Downfall of the Gods by K.J. Parker

Who do you fear when you're an immortal god?

Your father seems worthy of your fear. He is older, more powerful, perhaps wiser. His wrath can make your life a living hell, and you don't want to be the one god in your family that strays far from the godly path you're born to follow. Your life is eternal, and that is both blessing and curse. Fortunately, there are a handful of talented human beings in every generation, and a truly wonderful musician has arisen. Lysippus is his name, and you know for a fact that there will never be anyone else capable of dreaming up music like the ones he creates. It's a shame that he chose to sleep with the wife of his best friend; his friend didn't take kindly to that and murdered him. Can you in your godly wisdom forgive the murderer of your most cherished mortal? Not likely, but when your father pressures you into doing so, what is a goddess to do?

... Read More

SevenEves: Our scientists love it. Others don’t.

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Reposting to include Joao's recent review.

SevenEves by Neal Stephenson

Neal Stephenson doesn't shy away from big concepts, long timelines, or larger than life events. His most recent novel, SevenEves, begins with the moon blowing up. Readers never find out what blew up the moon, because all too quickly humanity discovers that the Earth will soon be bombarded by a thousand-year rain of meteorites — the remnants of the moon as they collide with each other in space, becoming smaller and smaller — which will turn Earth into an uninhabitable wasteland. Humankind has a 2-year deadline to preserve its cultural legacy and a breeding population. The solution is to make extended life-in-space a possibility. The first two thirds of the book follows a group of astronauts and scientists who are among those who will form the new colony orbiting Earth, waiting a ... Read More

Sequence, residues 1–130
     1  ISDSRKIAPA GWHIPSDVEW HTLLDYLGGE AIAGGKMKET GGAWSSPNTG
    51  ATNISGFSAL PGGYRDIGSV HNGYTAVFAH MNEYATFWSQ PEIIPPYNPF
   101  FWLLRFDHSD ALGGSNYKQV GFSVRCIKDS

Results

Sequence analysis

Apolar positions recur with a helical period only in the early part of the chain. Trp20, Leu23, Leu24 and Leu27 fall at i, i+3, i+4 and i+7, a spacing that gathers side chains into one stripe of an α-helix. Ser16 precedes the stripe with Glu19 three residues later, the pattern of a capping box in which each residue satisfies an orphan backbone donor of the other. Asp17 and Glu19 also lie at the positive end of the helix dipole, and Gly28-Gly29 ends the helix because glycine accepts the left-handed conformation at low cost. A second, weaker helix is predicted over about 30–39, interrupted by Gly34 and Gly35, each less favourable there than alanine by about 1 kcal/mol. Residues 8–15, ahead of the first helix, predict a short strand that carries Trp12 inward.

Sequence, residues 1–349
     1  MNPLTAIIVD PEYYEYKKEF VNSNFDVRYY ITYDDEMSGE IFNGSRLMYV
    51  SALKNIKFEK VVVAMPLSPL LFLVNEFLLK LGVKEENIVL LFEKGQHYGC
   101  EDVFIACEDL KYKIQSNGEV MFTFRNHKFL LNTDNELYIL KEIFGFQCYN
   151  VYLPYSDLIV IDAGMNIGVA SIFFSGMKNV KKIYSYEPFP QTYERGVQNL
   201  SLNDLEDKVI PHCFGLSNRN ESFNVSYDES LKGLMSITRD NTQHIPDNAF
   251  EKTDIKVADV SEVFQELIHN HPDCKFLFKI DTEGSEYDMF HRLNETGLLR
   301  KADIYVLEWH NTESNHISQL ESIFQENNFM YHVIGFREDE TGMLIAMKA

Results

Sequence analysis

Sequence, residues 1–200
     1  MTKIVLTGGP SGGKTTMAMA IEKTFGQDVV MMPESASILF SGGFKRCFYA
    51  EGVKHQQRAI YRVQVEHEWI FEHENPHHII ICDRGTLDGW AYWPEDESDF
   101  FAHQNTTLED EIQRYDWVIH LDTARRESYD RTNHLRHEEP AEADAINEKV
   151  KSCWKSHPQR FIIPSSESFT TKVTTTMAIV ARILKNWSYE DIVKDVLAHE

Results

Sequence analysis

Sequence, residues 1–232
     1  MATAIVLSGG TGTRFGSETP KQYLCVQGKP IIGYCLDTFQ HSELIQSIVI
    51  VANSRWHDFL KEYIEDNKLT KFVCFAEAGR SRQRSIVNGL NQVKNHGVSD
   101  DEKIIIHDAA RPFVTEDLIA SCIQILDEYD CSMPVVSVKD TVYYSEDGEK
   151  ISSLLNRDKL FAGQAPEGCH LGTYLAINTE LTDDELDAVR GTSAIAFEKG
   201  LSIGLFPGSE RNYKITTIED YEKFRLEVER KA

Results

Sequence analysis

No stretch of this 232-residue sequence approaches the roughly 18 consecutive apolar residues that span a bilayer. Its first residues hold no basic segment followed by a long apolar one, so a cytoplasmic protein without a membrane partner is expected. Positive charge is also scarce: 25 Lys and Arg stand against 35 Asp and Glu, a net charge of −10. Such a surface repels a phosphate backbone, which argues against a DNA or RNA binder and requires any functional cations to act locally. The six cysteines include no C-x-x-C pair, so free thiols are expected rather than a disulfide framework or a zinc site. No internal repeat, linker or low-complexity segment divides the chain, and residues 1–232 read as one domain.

The Madonna and the Starship: Giant blue lobster aliens with a side dish of logical positivism

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The Madonna and the Starship by James Morrow

Blue logical positivist lobster aliens give a prize to a writer of a scientific-minded kid's show and plan to wipe out 2 million religious people from the face of the Earth. And don't forget to drink your Ovaltine and eat your Kellogg's Sugar Corn Pops, with the sweetenin' already on it.

James Morrow's novella, The Madonna and the Starship, manages that delightful act of being a laugh out loud funny story at the same time that it intelligently deals with serious issues. You would be excused to think that a story featuring blue lobster aliens would hardly have anything to say about religion, yet in The Madonna and the Starship, Morrow offers criticisms on aspects of how both religious and hardcore atheists behave, at the same time that he offers some meta perspectives on being... Read More

The Philosopher Kings: Surprises and philosophy, with a touch of Greek mythology

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The Philosopher Kings by Jo Walton

My jaw remained open whilst I read the last pages of Jo Walton’s The Just City, and for a little while afterwards. Released earlier this year, Walton’s first novel in a new trilogy saw the start of a story whose foundational ideas are so wild, so daring, that only an author with the fullest grasp of her talent could even think of trying to wrestle with them, let alone to actually subdue and then use them to write an engaging story.